Clinical Guidelines (Nursing)

Neonatal sleep maximisation in the hospital environment

  • Introduction


    Definition of terms



    Family Centred Care




    • Optimal sleep is essential to normal growth and development and aids recovery.
    • There is increasing awareness that sleep has a role in the development and function of the brain.
    • Sleep deprivation may have a negative impact on the health and development of the newborn and lowers the threshold for pain which has been proven in adult sleep deprivation studies. 

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    This guideline provides an outline for medical, nursing and allied health staff to maximise the total hours of sleep per day for neonates in the hospital environment.  This will aim to:

    • Aid completion of sleep cycles
    • Cycle lighting to reflect day and night
    • Provide quiet time
    • Provide assistance to settle if requested
    • Promote normal growth and development
    • Aid recovery
    • Provide caregiver understanding of neonatal sleep

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    Definition of Terms

    Neonate:    An infant less than 28 days old.

    Active sleep:   Active sleep is analogous to rapid eye movement (REM) sleep in adults.  This state involves REM underneath closed eyelids along with uneven respiration, muscle atonia and increased myoclonic jerks when compared to adults.

    Quiet sleep:   Quiet sleep is equivalent to non REM sleep in adults.  This state involves no eye movement underneath closed eyelids, regular respiration and stillness.

    Indeterminate (transitional) sleep:    The state of sleep where the characteristics are not clearly defined into active sleep or quiet sleep is known as indeterminate sleep.

    Sleep cycle:   Neonates fall to sleep with a brief episode of active sleep, followed by a short period of indeterminate sleep before the onset of quiet sleep.  Subsequent active sleep  is longer. This occurs either directly from quiet sleep or through a short period of indeterminate (transitional) sleep.  The cycle continues until awakening.

    Sleep period:   A sleep period made up of connected sleep cycles.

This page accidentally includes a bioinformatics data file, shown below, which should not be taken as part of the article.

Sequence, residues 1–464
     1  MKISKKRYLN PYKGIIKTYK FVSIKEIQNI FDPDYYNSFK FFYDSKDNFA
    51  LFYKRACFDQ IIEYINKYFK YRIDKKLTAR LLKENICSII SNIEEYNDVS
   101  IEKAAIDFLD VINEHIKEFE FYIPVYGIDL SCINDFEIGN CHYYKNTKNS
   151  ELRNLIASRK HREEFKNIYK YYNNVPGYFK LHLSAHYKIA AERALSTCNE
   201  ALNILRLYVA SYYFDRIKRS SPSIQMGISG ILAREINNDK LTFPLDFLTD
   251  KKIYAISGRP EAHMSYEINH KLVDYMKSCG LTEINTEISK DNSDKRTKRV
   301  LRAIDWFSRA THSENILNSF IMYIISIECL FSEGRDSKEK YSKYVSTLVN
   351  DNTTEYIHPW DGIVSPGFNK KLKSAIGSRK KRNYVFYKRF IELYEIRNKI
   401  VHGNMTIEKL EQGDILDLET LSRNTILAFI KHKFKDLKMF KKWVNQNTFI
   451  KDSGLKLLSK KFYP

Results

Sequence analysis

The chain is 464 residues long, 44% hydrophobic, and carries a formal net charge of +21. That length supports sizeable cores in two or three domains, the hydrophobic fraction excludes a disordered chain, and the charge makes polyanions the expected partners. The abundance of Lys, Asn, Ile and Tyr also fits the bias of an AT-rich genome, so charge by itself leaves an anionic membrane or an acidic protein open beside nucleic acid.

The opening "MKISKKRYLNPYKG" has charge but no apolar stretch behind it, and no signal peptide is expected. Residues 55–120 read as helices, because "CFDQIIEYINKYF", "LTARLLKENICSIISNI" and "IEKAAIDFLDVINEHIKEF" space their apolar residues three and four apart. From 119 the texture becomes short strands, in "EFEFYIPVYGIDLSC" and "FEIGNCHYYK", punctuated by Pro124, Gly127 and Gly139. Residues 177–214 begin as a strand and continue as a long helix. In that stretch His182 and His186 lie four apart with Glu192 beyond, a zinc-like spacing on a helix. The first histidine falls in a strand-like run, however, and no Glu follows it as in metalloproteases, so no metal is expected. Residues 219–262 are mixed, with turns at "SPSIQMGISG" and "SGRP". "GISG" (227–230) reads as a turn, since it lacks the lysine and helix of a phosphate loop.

Sleep duration:   Length of time a neonate has been asleep.

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    • Observe neonatal sleep cycles and durations before waking them.
     Sleep state  Signs
    Active sleep (AS) - Rapid eye movement (REM)
    • Closed eyes
    • Rapid or slow eye movements under closed eyelids
    • Irregular breathing, more rapid and shallow
    • Variability in heart rate
    • Twitching arms and legs 
    • May grimace or appear to smile
    • Periodic groaning or crying 

    Quiet sleep (QS) - Non- REM

    • Closed eyes 
    • No eye movements under closed eyelids
    • Deep, regular breathing
    • Lying still with the occasional myoclonic jerk or startle

    Indeterminate sleep (IS)

    • Sleep characteristics are not clearly definable between AS and QS
    • The period of IS at the beginning of sleep and between QS and AS is called transitional sleep

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    Maximising neonatal sleep durations

    Healthy term neonates usually sleep for at least 16 - 18 hours per day.   It could therefore be assumed that a sick term neonate may require at least 16-18 hours of sleep per day for normal growth and development.  Preterm neonates require more than 18 hours sleep per day for normal growth and development to occur.

    • Where possible schedule care/interventions for when the neonate is naturally awake
    • A sleep period of 60 minutes or more is required to complete a sleep cycle. Wherever possible babies should have no less than 60 minutes between sleep disruptions
    • If the neonate must be woken, this should be from active sleep with talking and gentle touch where possible
    • Care/ interventions should be clustered wherever possible, taking into account how much the baby can tolerate